This negative connotation, adds Archibald, has always been linked to the concept of trend, but it does not necessarily have to be formulated in this way. “For some, it involves superficiality. I believe there are a lot of people out there who want to stay current and up-to-date — and that’s not inauthentic to me,” he says. “It’s more of an expansive, curious and open mindset. New ideas are always being spread around the ever-changing world. And with this evolution comes the potential for an updated definition of what a trend is and the role it plays in the industry; one that is centered on creative identity and less focused on consumption.

To look forward

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All the experts seem to agree that a sense of self is at the root of why someone may or may not follow trends. “The rise of individual style and self-expression fostered by social media has led people to want to carve out their own space and a unique identity that doesn’t feel too contrived or too fashionable,” says finmore. “I’ve heard my teenagers go through various phrases to conjure up the hip – Gucci, Fire, Drug, Respect the drip, To kill – but I can barely follow how quickly these sentences change. They seem to come in and out of fashion as quickly as style trends (or should I not use that word?). It’s clear from my conversations with them that it’s important to be fashionable, but not so attached to contemporary trends that you lose your own sense of individualism.

So where does that leave things? Fashion trends are unlikely to cease to exist; it’s human nature to engage collectively with an object or idea that resonates with the times. But the power of a trend can weaken. “I think the interest in distinctive self-shaping means that trends aren’t as powerful as they once were,” says Finamore. “The growing interest in buying vintage clothing and consignment or renting rather than owning seems to be a strong indicator that young fashion consumers are no longer as interested in catwalk style guidelines as they used to be. were before.”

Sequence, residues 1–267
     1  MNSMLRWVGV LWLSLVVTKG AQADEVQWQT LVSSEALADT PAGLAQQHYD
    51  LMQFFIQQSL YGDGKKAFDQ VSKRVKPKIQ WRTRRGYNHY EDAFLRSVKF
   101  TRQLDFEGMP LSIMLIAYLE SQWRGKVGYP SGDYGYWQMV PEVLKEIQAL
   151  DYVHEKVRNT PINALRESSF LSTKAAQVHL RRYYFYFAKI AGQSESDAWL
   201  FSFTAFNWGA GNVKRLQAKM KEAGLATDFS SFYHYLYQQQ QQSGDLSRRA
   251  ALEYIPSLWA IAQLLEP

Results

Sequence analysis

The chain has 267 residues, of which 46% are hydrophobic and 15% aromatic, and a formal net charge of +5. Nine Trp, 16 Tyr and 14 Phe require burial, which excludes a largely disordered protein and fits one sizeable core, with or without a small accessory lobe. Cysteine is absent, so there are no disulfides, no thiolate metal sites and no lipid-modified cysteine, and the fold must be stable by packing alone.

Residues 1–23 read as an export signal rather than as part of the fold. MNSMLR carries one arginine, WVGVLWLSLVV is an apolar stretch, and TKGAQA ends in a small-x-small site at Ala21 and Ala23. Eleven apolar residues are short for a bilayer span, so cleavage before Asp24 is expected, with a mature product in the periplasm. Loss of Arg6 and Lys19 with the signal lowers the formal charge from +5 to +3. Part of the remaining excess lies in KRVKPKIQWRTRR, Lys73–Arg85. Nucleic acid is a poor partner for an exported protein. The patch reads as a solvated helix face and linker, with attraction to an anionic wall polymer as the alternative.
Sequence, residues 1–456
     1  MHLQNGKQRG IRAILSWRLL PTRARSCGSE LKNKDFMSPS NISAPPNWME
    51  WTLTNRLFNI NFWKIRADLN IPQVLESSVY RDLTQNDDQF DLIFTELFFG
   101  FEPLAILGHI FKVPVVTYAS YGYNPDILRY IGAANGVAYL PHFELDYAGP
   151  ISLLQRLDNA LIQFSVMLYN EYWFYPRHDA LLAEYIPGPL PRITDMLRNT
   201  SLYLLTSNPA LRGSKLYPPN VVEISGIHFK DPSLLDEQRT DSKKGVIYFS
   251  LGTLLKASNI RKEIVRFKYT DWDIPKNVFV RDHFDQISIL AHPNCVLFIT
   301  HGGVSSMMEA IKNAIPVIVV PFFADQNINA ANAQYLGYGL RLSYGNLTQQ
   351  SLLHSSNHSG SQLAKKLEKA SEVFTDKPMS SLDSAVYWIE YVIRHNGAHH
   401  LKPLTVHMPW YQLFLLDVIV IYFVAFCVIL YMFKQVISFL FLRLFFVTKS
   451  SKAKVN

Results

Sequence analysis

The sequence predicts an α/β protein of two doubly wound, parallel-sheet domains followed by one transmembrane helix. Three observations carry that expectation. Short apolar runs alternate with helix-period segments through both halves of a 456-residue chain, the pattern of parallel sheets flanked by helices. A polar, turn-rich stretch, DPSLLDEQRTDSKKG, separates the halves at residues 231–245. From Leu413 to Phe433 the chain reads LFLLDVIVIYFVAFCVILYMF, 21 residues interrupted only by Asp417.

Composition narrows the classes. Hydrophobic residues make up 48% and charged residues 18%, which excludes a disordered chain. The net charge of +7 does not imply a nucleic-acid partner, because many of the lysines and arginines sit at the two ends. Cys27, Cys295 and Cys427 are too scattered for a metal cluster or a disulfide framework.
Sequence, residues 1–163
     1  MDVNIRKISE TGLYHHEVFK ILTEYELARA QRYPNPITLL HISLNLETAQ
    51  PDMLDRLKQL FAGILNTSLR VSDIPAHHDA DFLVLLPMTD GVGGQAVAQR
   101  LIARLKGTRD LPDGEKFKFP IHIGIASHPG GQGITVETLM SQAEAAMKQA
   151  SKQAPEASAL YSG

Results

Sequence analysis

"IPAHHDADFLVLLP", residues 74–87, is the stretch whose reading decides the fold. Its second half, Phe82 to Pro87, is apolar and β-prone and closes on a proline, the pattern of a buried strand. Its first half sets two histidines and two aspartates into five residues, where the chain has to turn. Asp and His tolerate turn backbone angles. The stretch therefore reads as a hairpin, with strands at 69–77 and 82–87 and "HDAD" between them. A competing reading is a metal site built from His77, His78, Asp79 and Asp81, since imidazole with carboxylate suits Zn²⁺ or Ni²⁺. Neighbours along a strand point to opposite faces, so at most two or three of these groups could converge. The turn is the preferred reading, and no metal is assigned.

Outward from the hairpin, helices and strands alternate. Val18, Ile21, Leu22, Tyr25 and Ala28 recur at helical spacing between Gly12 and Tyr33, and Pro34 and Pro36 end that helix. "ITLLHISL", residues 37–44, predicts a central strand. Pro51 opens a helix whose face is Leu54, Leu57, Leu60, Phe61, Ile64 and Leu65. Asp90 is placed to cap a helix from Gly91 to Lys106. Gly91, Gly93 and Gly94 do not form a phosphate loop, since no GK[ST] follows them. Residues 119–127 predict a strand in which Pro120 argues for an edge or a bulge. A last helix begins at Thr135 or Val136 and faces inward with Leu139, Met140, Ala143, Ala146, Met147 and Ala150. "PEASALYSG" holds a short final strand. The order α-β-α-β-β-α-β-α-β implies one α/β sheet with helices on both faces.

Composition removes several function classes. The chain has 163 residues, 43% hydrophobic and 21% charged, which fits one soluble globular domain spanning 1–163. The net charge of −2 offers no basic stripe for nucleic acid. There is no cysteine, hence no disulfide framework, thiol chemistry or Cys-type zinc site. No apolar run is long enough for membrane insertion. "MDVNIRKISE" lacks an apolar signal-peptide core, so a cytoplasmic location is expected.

Also a probable scenario: A continuation in the evolution of the trend direction. “Talking about the rise of sustainability or co-ordinating tracksuits is more like fashion reporting — keeping tabs on what people are wearing and what designers are creating,” says Tomasi Hill. “So literally, you’re talking about what’s trending. But I think that’s a lot different from telling you what pieces you need to mindlessly add to your closet, regardless of whether it looks good on you or you like it. really love.

Loosening the grip on trends in this “insane” context is undoubtedly for the best and probably a good step forward for humanity. “There’s nothing inherently wrong with trends as long as people participate in them thoughtfully,” Breakell says. “Rather than blindly following the latest trend on social media, we should focus on developing our own personal style, investing in pieces we really love, no matter how popular they are. If we change the way we address, trends could represent an opportunity to be creative and explore our own identity.